Stark Raving Mad (15)

Review by Jack Foley

SEANN William Scott, better known as the foul-mouthed, sex-obsessed Stifler from the American Pie series, makes his bid to break away from that image by appearing in a film produced by the man who also delivered Pulp Fiction and Reservoir Dogs.

But any notion that Stark Raving Mad is another to rival those gangster classics is dispelled from the outset, given the ineptitude and sheer mindless stupidity of what’s on offer here.

Scott plays Ben McGewen, a small-time hood who uses a stint as a rave club organiser as a flimsy cover for his motley crew to break into the bank next door, thus getting one over local crime lord, Mr Gregory (Lou Diamond Phillips), and avenging the death of his brother.

The trick is to create enough noise in the club upstairs to smother the sound of the drilling and explosions below but, as with every perfect plan, it comes with an unseen set of flaws.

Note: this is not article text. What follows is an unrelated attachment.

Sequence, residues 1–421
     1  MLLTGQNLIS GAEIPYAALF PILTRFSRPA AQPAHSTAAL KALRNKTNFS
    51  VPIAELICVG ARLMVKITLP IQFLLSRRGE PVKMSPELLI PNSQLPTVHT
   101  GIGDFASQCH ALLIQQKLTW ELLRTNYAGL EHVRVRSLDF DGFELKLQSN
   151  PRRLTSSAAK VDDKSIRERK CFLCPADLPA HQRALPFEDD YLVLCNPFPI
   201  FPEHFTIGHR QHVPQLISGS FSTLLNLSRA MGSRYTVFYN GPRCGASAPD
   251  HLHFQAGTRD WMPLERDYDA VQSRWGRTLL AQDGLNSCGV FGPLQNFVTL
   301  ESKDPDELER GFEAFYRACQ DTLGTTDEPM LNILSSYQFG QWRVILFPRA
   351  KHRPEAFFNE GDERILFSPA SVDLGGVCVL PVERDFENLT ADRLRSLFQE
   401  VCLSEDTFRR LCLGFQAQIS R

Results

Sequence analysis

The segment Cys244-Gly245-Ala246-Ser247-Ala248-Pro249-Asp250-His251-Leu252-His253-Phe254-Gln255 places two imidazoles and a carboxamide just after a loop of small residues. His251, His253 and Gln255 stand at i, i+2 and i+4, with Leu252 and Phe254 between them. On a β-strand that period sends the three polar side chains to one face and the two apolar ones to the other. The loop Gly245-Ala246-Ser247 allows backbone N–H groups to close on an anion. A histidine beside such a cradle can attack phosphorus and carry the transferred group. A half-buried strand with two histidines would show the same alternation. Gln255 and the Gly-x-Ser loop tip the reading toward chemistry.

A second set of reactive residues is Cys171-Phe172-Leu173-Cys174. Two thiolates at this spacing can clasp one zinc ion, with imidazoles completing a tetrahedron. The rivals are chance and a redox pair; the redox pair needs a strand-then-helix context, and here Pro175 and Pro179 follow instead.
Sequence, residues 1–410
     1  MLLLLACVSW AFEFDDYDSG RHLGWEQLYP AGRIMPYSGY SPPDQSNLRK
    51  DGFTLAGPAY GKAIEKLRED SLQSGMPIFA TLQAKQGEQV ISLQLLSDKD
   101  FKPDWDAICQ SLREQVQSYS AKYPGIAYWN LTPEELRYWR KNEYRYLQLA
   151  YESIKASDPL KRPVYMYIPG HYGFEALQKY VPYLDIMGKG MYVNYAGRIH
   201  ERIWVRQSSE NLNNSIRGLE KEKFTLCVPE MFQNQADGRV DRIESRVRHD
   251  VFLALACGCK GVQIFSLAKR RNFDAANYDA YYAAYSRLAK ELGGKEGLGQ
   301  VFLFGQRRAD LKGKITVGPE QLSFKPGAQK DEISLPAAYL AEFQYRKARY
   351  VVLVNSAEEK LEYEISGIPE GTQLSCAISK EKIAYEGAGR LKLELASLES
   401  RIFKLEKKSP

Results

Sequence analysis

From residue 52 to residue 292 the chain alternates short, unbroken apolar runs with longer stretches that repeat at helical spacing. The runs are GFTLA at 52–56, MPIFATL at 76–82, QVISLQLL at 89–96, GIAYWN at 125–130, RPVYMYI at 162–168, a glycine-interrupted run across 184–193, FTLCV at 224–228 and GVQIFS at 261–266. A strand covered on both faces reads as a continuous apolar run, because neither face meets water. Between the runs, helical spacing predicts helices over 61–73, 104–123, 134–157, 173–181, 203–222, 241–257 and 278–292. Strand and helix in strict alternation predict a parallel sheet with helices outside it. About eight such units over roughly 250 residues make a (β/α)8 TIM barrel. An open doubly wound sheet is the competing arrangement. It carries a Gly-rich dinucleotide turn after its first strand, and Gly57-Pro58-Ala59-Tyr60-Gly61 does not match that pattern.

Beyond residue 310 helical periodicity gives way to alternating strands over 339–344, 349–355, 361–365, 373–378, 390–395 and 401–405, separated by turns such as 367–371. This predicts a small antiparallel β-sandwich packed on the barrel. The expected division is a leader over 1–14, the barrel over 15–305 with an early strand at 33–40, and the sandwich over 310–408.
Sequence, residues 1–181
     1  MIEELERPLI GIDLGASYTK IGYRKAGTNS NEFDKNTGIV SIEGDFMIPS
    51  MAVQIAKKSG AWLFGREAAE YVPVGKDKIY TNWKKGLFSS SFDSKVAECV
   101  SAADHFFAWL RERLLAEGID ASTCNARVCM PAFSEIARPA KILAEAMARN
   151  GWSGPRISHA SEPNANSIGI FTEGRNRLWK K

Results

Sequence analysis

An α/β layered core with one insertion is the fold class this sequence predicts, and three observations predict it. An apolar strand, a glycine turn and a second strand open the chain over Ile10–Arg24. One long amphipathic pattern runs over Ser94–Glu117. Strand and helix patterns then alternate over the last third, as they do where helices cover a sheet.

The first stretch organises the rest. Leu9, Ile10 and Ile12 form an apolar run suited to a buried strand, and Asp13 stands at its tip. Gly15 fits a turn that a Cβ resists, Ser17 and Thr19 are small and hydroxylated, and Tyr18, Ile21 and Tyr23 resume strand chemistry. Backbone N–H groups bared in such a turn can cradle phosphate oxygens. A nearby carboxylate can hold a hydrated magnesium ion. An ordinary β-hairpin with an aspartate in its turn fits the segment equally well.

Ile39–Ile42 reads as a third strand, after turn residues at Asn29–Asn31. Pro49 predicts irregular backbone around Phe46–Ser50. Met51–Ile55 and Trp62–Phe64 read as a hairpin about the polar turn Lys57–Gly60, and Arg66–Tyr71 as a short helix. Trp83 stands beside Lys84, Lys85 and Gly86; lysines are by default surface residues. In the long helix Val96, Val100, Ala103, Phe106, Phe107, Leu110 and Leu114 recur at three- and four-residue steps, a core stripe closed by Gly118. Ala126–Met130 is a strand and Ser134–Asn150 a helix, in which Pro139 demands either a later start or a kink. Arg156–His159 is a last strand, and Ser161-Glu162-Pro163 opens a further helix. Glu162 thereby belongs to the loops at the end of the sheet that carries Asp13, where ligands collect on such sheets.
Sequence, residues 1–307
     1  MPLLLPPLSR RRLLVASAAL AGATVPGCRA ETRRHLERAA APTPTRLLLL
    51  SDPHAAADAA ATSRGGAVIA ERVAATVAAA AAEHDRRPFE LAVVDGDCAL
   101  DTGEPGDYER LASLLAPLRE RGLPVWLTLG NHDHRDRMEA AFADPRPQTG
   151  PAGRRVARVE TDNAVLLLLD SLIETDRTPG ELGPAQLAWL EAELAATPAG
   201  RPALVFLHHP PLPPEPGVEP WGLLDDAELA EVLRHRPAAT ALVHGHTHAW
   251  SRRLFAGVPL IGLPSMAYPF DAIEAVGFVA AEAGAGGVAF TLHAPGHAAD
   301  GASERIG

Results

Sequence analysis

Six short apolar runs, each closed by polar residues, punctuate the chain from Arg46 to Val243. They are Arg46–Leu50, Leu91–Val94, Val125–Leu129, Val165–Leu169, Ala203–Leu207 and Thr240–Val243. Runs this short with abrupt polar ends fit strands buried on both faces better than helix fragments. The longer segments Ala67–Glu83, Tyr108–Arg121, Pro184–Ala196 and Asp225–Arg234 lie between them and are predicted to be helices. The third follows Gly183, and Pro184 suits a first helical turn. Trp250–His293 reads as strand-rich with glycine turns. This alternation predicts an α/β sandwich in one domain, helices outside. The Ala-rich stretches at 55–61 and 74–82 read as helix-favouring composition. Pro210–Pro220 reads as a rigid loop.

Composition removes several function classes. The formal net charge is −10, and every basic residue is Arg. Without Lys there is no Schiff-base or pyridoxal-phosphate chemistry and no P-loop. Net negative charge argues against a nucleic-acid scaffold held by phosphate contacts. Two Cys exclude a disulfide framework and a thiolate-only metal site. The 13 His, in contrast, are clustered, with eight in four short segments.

McGewen hasn’t reckoned on a rogue pair of FBI agents running amok in the club, the presence of his mixed-up ex-girlfriend sniffing around the scene, and the club’s irritable owner, who would rather the noise levels were kept to a minimum.

But given that our ‘hero’ needs the priceless artefact locked inside the bank to pay off his brother’s killer, it is little wonder that he will stop at nothing to get the job done, even if it means relying on one of the most inept crews in bank heist history to do so.

The ensuing chaos is mind-numbingly awful, played out against the incessant beat of a rave club that doesn’t even afford the viewer the possibility of dozing off.

That Scott emerges with any credit surely suggests that there is life beyond the Stifler persona for the charismatic young actor (he will next be paired with Chow Yun Fat in Bullet-Proof Monk), but his presence alone cannot save the movie.

The rest of the cast is uniformly awful (with Phillips the pick of the bunch), while the so-called twists and turns add little to the genre - in fact, writer-directors Drew Daywalt and David Schneider seem merely content to rip better films off.

All of which leads me to conclude that you’d be ‘stark raving mad’ to want to see this mess in the first place.